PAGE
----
Saturday, December 19, 2009

Volunteers Needed...For a Print Series

I've begun a new series that I hope to carry into the spring building off of, or modifying some work I did this past semester. Last Christmas break I returned to campus with my family slides and began scanning them to use for printmaking purposes. My hope then was to make 4-color separation prints of my father and me distanced by a landscape (either mine or his). I never got around to making this idea, though I held on to it. This semester I began making the Landscape of Belief series which took creedal type statement overlaying a landscape to suggest how such statements orient us, as maps do, within the world.

This new series, however, combines those ideas and builds on them. The two prototypes seen here take a photo of my father and me on a ski lift at Terry Peak which then is chine colle'd on to a landscape with the Apostle's Creed, in my fathers handwriting over both. My ideas still include the statements as orientation bits, but they become more personal and intimate by including a photo of my father and me. My hope is to extend the series to encompass men and their sons or men and their mentors and the impact their words have had on their life. Daniele Hervieu-Leger's text Religion As A Chain of Memory rests a base conceptual idea beneath this project. Her sociological approach considers the decline of religion and contention that in today's culture, religion must be a chain of memory...where individuals become part of a community that links past, present and future shared as a collective memory.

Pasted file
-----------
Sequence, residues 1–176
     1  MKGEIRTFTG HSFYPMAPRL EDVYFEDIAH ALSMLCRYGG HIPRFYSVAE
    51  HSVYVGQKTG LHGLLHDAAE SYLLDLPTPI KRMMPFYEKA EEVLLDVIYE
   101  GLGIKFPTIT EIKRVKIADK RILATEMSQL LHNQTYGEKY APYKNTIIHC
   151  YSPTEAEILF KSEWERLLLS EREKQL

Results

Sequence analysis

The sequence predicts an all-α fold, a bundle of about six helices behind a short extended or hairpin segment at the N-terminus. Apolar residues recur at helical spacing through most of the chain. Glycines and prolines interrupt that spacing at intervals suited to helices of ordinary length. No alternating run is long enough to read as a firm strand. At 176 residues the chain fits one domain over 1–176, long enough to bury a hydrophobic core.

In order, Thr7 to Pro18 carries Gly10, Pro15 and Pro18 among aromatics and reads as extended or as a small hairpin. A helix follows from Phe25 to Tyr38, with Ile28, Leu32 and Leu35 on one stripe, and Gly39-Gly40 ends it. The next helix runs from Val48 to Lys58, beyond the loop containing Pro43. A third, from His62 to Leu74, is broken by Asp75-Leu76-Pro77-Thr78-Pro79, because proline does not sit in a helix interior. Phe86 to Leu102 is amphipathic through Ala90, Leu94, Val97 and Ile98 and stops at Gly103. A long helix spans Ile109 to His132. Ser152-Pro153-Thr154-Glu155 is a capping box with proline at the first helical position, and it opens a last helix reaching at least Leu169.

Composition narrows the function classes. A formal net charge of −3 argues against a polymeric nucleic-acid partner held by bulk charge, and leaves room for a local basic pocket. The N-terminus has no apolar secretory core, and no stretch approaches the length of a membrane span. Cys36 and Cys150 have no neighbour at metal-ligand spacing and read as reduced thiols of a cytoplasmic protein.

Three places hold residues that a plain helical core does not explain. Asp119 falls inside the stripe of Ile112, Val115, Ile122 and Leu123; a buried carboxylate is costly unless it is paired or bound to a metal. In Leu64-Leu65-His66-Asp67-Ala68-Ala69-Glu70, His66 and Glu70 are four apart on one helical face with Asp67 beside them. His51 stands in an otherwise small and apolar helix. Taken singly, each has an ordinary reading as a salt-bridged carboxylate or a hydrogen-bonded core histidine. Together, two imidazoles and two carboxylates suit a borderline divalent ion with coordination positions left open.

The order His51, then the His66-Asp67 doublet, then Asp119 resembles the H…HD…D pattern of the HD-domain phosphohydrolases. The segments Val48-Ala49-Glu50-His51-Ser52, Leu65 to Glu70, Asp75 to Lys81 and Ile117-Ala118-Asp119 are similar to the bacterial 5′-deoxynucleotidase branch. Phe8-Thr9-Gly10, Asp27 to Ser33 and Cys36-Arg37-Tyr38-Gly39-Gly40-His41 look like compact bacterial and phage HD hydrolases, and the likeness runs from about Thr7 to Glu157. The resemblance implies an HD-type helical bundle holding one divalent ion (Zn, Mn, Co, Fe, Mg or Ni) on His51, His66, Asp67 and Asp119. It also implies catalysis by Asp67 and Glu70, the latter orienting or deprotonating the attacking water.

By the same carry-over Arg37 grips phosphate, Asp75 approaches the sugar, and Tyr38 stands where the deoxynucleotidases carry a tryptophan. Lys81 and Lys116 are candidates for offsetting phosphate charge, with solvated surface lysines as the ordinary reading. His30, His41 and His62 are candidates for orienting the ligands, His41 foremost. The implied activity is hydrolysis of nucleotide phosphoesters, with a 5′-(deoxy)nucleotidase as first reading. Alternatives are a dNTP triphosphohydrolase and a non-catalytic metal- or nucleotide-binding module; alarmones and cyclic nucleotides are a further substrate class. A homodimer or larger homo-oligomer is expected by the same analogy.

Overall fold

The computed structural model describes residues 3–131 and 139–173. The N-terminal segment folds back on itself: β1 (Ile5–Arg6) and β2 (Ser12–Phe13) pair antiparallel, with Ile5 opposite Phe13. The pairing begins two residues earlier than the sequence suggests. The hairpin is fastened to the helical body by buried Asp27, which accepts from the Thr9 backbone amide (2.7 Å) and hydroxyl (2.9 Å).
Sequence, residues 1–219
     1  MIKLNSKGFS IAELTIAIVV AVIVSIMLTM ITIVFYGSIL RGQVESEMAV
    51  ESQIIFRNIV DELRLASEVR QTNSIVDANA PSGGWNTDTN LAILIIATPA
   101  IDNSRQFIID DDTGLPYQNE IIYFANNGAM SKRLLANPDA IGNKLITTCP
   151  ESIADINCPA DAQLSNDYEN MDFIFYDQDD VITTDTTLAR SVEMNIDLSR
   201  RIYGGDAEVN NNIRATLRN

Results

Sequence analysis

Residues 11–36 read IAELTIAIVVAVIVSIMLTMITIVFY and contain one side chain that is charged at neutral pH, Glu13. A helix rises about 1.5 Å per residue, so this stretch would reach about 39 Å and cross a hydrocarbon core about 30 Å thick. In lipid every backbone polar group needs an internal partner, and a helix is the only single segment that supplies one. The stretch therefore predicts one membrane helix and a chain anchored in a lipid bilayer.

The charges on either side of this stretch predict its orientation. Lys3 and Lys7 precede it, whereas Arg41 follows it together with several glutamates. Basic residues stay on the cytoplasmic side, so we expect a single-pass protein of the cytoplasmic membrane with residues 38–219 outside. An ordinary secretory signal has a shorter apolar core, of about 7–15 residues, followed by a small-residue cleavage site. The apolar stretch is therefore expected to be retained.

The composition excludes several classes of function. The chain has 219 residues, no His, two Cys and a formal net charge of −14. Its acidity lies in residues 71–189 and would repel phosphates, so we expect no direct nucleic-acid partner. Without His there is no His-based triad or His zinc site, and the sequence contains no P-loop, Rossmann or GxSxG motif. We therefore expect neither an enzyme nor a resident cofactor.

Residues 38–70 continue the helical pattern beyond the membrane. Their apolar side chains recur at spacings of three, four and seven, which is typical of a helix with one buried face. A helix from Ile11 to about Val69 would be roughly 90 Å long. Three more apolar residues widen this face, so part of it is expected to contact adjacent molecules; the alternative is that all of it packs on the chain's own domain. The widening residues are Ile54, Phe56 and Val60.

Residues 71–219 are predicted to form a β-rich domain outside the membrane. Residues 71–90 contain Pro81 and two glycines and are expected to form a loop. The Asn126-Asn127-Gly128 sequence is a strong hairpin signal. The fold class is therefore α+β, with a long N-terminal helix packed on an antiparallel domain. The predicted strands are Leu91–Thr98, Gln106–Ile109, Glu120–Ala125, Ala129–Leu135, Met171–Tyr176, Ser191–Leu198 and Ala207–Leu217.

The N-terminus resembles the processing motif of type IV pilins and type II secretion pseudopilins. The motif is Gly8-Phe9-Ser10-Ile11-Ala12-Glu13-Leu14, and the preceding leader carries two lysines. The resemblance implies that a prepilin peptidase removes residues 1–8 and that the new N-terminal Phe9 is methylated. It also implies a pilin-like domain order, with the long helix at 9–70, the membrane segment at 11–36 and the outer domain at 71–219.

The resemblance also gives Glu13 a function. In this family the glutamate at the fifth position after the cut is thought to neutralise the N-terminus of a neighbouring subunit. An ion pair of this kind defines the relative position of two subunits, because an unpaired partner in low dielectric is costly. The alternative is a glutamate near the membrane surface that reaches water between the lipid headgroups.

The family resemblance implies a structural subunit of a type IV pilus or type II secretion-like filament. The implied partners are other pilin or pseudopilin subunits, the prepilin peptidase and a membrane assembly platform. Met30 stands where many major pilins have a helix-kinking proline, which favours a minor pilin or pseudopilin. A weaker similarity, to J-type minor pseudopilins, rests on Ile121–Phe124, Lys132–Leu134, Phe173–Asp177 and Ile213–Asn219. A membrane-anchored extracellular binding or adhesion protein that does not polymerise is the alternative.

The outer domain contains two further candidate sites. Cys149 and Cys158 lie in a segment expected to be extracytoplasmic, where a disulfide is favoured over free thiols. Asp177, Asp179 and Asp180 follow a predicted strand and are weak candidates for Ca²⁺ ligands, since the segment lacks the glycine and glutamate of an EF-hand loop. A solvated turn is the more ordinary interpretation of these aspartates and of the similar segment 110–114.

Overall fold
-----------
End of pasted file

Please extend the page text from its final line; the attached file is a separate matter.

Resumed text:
I am beginning with my own family, simply because I have access to the photos. But I am seeking volunteers to be included in this series. If you are interested in sharing a photo and a short reflection on your sons/father/mentor please let me know. There may even be a print in it for you.

Neither prototype is perfect but I am curious as to which might have the stronger visual attraction. Thoughts? The text in the print on top is darker, and most who have seen the two appreciate the darker text.